Within the following sections, I will examine the outcomes of my primary data collection against the three separate aims of this research stated in the Introduction section (Part I of this blog series). It will also consider the differing response between locations and potential reasons for this, drawing on data from the 2011 census.
Note: Key to locations of response – Lon = London, New = Newlyn, Pen = Penryn, Red = Redruth, Res = Rescorla.
Kernewek as a reaction to In-Migration, Second Home Ownership and Tourism
Having a language which is derived from completely different roots to that of the larger surrounding nation is, ultimately the biggest possible signifier of that sense of ‘difference’ which is so important to Cornish people. This is very much reflected in the opinion of Kernewek revivalist Henry Jenner, who stated:
“Why should Cornishmen learn Cornish? There is no money in it, it serves no practical purpose, and the literature is scanty and of no great originality or value. The question is a fair one, the answer is simple. Because they are Cornishmen”
(2012:  p xi)
Ultimately, for Jenner, the language was the badge that marked out Cornish people from inhabitants of England. It was key to making a wider population aware that there are people living in Cornwall who do not consider themselves to be English, and will use their indigenous language to signify this. For some of the respondents of my focus groups, the presence and use of Kernewek is “the ultimate expression of our identity” (G: Interview), which, as two different participants at my Rescorla focus group stated: “Is about preserving the Cornish culture which is distinct to others” (B: Res: 12 February 2017) and “It’s something the English don’t have! It’s unique to us!” (M: Res: 12 February 2017).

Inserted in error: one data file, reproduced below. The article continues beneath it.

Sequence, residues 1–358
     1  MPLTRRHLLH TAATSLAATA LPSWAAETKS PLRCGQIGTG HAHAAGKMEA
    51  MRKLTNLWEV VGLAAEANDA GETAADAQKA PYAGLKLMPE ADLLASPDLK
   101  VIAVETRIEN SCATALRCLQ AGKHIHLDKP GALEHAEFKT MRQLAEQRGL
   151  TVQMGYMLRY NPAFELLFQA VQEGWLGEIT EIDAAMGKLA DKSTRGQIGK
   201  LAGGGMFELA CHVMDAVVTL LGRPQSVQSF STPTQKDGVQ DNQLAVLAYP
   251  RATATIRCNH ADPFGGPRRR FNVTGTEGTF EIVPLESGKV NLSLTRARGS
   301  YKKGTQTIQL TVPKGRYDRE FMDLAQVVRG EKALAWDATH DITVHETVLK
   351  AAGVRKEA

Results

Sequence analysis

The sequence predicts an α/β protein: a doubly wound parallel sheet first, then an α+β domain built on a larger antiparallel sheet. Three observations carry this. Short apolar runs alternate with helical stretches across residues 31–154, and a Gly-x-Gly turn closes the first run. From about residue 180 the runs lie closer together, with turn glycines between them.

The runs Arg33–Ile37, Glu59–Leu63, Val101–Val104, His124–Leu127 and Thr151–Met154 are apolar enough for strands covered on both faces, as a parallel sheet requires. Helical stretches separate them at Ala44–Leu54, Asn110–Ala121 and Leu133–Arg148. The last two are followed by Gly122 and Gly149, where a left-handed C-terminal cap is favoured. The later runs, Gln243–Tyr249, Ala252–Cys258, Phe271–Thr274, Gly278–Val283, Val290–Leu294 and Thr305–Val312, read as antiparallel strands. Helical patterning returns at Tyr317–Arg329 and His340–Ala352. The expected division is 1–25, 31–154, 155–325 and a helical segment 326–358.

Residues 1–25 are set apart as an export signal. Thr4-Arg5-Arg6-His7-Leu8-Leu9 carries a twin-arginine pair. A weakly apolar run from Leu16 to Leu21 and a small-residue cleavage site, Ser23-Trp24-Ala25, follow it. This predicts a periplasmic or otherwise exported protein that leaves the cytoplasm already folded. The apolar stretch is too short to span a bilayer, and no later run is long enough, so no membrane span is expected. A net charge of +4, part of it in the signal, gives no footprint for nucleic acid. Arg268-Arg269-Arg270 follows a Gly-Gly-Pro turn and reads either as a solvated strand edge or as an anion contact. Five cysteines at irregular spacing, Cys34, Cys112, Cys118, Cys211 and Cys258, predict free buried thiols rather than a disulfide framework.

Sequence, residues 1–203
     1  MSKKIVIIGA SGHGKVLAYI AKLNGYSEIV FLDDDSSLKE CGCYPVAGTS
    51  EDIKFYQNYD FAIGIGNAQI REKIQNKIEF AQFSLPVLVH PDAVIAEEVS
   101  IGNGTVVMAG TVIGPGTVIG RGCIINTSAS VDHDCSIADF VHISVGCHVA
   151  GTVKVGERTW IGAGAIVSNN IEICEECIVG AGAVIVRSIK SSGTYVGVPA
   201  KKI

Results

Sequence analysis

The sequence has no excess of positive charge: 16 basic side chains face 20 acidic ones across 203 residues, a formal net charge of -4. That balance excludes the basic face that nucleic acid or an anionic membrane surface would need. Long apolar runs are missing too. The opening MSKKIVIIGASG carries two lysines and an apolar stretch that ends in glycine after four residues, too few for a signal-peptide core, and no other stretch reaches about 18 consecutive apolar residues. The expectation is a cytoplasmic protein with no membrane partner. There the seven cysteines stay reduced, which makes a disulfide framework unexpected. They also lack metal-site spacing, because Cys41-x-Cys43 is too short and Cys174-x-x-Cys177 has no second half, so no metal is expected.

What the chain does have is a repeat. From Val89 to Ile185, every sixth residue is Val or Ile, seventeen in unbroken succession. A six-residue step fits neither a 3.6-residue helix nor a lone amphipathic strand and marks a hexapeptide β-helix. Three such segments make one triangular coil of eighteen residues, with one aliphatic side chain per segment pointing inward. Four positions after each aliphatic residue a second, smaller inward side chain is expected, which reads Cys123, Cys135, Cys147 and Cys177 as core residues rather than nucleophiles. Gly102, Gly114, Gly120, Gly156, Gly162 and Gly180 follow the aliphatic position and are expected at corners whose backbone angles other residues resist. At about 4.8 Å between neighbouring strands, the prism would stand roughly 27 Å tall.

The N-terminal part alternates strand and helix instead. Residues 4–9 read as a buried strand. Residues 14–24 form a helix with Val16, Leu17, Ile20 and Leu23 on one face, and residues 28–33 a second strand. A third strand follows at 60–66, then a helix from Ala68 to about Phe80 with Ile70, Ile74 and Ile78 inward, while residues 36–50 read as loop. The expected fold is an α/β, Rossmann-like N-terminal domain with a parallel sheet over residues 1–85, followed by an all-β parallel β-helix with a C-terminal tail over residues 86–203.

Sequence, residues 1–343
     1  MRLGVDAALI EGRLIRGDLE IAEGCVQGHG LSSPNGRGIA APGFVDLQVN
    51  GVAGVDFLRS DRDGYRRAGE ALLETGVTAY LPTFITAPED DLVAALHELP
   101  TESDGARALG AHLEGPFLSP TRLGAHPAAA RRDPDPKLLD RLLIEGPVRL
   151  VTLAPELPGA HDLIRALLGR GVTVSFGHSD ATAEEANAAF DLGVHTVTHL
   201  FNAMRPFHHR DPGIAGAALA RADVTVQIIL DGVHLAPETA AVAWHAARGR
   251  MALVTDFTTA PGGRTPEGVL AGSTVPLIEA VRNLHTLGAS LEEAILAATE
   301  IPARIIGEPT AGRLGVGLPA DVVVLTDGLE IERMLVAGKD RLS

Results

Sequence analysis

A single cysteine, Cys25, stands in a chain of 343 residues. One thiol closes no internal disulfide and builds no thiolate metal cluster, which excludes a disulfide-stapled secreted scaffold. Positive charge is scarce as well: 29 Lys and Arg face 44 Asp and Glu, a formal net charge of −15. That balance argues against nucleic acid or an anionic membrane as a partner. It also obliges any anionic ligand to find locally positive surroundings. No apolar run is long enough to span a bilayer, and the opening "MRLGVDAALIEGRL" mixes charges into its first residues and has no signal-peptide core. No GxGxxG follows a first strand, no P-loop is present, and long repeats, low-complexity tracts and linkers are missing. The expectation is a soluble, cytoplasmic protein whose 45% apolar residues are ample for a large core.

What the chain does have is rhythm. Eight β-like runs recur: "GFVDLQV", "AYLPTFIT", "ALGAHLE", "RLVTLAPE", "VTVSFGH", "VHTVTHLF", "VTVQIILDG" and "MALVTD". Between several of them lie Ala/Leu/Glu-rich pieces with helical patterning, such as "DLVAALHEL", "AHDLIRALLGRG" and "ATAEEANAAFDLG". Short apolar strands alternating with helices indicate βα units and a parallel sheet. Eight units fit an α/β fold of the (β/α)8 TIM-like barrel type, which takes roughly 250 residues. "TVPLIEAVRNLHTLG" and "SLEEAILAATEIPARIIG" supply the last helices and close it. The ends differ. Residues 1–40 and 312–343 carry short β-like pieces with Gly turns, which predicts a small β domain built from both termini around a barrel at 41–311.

One of the most prominent, and expected narratives which emerged during my research was respondents suggesting that the increased visibility of Kernewek was a clear reaction against the increased numbers of non-indigenous Cornish people now living within the territory. One academic suggested to me that around 60% of the total population of Cornwall is made up of in-comers and second home owners (M1: New: 13 February 2017). Cornwall Council Leader John Pollard told me that his body see the use and promotion of Kernewek as vital to “open people up to the different culture and history of Cornwall” (Interview). He recognised that the numbers of people moving into the territory created some antagonism with locals and pointed out that those relocating to Cornwall must “take on board local issues and feeling” (ibid). Pollard also pointed out that, under his leadership, the Council had taken on a degree of devolved powers from Westminster and have a policy which sees:-
“Council workers using Kernewek to welcome visitors, or when answering the telephone. We have encouraged duel language signage…and First Kernow buses have responded to this with all their new buses having Kernewek displayed outside and inside (ibid).”